Sunday evening, we were set to go to an Italian restaurant, when I decided to “cook for the week”. I pulled out some Massamun paste from the freezer and Bee made some rice. Half an hour later, the house smelt like our fav Thai restaurant. We devoured a couple of bowlfuls and forgot about the Italian place.
Whenever we go to a Thai restaurant, Bee gets the Green Curry, I get Massamun/Massaman if it’s on the menu.
This is probably the second best Massaman curry we’ve tasted. The best was at a restaurant in Edinburgh, Scotland. The chef rustled up a perfectly spiced creamy stew with potatoes and tofu for us, though it wasn’t on the menu.
“Massamun/Massaman is the heartiest of all Thai stew-like curries. This curry paste is complex and elaborate, containing more ingredients, especially dried-roasted flavors, than any other curry pastes …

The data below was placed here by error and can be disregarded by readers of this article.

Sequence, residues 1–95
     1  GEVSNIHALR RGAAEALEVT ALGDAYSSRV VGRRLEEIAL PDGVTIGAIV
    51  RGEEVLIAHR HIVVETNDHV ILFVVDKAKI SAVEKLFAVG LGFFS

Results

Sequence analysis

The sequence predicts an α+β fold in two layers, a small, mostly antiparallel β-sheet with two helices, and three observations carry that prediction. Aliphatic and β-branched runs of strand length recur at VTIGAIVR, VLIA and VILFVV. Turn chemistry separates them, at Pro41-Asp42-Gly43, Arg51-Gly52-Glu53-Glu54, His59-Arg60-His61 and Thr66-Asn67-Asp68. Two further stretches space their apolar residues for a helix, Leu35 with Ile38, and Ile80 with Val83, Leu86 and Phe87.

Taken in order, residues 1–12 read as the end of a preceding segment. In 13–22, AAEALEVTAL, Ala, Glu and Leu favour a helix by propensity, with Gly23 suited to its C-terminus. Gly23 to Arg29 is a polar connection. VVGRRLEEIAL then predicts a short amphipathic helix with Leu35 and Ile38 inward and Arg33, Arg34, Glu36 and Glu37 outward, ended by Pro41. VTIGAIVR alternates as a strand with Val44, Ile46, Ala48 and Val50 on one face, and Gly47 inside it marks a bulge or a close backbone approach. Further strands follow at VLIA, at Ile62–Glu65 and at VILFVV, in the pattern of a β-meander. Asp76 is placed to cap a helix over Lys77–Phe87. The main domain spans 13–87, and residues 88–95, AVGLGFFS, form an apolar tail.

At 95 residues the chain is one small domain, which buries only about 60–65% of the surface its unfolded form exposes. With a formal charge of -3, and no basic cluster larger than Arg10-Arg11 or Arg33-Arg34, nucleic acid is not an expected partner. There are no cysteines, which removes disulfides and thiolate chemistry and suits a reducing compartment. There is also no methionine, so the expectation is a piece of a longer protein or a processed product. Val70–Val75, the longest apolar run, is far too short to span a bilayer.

Dating back to the ancient kingdom of Ayudthaya, King Narai, who was fond of Indian food, imported a chef for the royal kitchen. From the royal court, the aromatic massamun curry made its into the mainstream Thai diet, and its paste still contains an extraordinary variety of Indian herbs and spices,”
says Chat Mingkwan, in his book Buddha’s Table: Thai Feasting Vegetarian Style. This recipe has been adapted from that book, with the seasonings adjusted to suit our tastes.
Muslim, and later Portuguese, traders brought spices such as turmeric, cinnamon, cumin, cloves and nutmeg from the Middle East and India to the south coast of Thailand. The name Massaman is thought to be derived from the word “Musulman”, the older form of the word “Muslim”. (Wiki)
It’s a richer, heartier version of Thai Yellow Curry and usually features beef and potatoes or sweet potatoes. Vegetarians usually replace the beef with other starchy veggies like carrots or water chestnuts. We didn’t have any potatoes, so tofu did the trick. While the Massaman served at restaurants does not usually have pineapple, this recipe did. It add a wonderful flavour dimension.
The tamarind, coconut and spices give it a south Indian flavour.